For others, the prospects do not look good. There used to be part of the work force that had well-paying jobs that were low or unskilled, Mr. Prising said. Those kinds of jobs are very difficult to find today.
The deal that Mr. Trump made with the heating and cooling company Carrier this week to keep 1,000 manufacturing jobs from moving to Mexico from Indiana is emblematic of the kind of actions he said he would take as president to help blue-collar workers.
Continue reading the main storyBut there are limits to the power of persuasion.
Betsey Stevenson, an economist at the University of Michigan and a former economic adviser to Mr. Obama, said that manufacturing, while still a driving force in the economy, employed fewer and fewer people. More than 80 percent of jobs are now in the service industry, Ms. Stevenson said, and Mr. Trump should be thinking more about how to match workers with those jobs.
The economy is in a great place, and his biggest challenge is continuing that, she said.
Some economists worry that the Federal Reserve is too focused on fears of future inflation and that it should hold off on any increase in rates until conditions have improved further. Theres no reason to pre-emptively slow the economy down, given that were starting from less than full employment, said Elise Gould, an economist at the left-leaning Economic Policy Institute in Washington. Right now, the priority should be keeping the economy on track and moving it forward.
Such pleas are unlikely to win the day. At last months meeting of the Federal Reserve, members concluded that the case for an increase in the benchmark rate had been strengthened, and that they would be ready to move so long as incoming data provided some further evidence of continued progress.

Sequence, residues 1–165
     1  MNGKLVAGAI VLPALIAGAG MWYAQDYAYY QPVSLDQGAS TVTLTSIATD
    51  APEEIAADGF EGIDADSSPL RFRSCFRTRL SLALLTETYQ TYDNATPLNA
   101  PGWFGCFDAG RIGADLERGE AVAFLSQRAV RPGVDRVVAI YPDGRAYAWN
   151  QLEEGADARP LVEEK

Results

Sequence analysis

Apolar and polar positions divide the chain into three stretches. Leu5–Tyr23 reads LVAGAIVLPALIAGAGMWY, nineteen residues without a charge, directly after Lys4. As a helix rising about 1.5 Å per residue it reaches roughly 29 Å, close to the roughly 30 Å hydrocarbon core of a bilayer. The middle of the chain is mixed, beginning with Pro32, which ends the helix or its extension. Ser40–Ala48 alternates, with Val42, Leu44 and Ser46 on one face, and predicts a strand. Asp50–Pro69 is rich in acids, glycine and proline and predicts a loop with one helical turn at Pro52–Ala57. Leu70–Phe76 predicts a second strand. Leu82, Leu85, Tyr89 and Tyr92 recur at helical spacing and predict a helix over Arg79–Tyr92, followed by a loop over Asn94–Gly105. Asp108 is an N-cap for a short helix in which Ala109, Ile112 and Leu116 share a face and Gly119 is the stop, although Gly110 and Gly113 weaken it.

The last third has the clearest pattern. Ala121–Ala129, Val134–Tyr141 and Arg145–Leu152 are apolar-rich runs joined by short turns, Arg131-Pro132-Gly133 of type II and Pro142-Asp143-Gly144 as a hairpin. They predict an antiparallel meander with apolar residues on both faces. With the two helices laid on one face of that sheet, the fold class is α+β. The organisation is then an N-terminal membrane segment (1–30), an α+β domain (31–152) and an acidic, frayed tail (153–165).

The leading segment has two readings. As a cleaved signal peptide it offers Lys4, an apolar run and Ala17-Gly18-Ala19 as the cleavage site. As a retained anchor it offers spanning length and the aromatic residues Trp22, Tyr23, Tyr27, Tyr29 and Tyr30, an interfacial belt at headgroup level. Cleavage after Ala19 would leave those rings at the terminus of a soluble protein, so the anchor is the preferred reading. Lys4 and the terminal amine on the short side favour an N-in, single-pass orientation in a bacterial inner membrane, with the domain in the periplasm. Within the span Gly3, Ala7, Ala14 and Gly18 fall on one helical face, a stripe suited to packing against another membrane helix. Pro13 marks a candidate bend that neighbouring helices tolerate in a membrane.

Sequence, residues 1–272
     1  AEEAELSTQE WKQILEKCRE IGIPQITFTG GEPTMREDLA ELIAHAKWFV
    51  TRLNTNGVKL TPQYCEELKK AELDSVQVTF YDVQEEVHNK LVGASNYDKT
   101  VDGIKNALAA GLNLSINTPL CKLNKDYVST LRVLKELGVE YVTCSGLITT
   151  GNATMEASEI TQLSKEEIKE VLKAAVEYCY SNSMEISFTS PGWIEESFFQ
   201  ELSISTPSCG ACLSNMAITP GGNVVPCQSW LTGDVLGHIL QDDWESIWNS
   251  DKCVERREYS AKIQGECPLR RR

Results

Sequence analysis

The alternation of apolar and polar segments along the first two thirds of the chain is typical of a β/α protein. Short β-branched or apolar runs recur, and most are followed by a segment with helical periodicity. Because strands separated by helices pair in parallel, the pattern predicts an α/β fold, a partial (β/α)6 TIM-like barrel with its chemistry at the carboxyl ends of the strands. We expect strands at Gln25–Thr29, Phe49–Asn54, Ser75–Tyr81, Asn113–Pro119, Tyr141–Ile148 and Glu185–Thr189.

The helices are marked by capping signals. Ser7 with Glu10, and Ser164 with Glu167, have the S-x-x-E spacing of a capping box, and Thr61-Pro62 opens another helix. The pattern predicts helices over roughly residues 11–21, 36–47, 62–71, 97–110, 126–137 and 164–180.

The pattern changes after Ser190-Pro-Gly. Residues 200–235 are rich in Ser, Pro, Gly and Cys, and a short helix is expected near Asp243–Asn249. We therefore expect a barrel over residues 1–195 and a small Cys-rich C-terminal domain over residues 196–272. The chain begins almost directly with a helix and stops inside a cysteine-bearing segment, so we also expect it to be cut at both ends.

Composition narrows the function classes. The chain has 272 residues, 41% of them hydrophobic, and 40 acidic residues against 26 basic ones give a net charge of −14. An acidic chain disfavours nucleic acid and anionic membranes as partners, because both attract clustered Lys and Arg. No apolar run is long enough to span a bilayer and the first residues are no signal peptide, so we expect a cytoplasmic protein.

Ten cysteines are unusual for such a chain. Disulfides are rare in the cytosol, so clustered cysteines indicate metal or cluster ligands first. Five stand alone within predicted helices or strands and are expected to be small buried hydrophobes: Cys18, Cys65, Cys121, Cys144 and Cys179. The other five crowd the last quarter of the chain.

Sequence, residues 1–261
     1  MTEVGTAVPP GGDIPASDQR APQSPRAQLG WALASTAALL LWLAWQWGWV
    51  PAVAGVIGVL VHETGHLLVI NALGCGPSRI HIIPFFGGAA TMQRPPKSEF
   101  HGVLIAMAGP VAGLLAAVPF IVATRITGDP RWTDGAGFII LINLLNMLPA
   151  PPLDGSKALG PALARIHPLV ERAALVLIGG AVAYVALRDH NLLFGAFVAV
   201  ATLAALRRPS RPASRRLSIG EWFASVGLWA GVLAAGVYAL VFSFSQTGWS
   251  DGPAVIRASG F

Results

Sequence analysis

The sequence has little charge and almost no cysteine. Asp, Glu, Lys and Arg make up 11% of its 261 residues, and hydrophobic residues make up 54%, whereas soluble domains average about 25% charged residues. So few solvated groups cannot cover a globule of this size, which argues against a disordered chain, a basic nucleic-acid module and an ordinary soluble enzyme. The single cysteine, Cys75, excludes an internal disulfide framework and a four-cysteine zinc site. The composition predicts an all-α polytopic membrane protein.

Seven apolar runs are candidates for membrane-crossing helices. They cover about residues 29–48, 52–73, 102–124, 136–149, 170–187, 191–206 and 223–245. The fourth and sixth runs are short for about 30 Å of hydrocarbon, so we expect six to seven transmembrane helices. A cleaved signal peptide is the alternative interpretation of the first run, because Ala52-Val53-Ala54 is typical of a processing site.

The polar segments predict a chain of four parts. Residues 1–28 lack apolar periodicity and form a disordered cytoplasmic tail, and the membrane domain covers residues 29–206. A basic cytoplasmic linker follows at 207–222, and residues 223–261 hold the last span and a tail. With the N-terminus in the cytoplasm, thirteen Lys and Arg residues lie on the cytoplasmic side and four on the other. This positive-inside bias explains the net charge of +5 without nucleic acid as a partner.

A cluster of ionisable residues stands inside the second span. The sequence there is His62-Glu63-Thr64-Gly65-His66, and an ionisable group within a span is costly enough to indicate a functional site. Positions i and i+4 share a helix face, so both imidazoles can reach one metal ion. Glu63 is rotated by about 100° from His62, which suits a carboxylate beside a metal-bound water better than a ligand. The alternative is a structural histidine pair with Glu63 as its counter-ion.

Multimedia Feature Why the Fed Is About to Raise Interest Rates Federal Reserve officials have delayed raising rates this year as they wrestle with three critical questions. But they may soon be about to act.
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Many employers are having a harder time finding and retaining workers.
Recruiting is a tough issue right now in skilled and semiskilled industries, said Robert A. Funk, chairman and chief executive of Express Employment Professionals, a staffing agency based in Oklahoma City. He mentioned a particular need for workers in accounting, information technology, call centers, warehousing and office and professional services.
Mr. Funk said employers often complained about being unable to find employees with a strong work ethic who met the minimum requirements. Drug screening is a real challenge in many parts of the country, he said. Only 30 percent can pass a drug screen in the state of Washington, where marijuana is legal.
At the same time, employers have been reluctant to raise wages to a level that might lure back sidelined workers. The result has been that the country has 5.5 million job openings, a near-record level, but still relatively anemic labor force participation rates.
The challenge out there now is finding workers and keeping the workers you have, said Steve Rick, chief economist at CUNA Mutual Group. Those shortages, whatever the cause, are likely to push wages higher next year, he said.
People are feeling good not only about their current income but their future income, Mr. Rick said.
Whatever the economys current failings, Mark J. Rozell, a political scientist at George Mason University in Virginia, said it was nonetheless better than the ones most incoming presidents have faced in the last half-century.
Continue reading the main storyTrump can be thankful that his predecessor is handing him a fairly strong situation, Mr. Rozell said, especially when compared to many past party transfers of power.
Continue reading the main story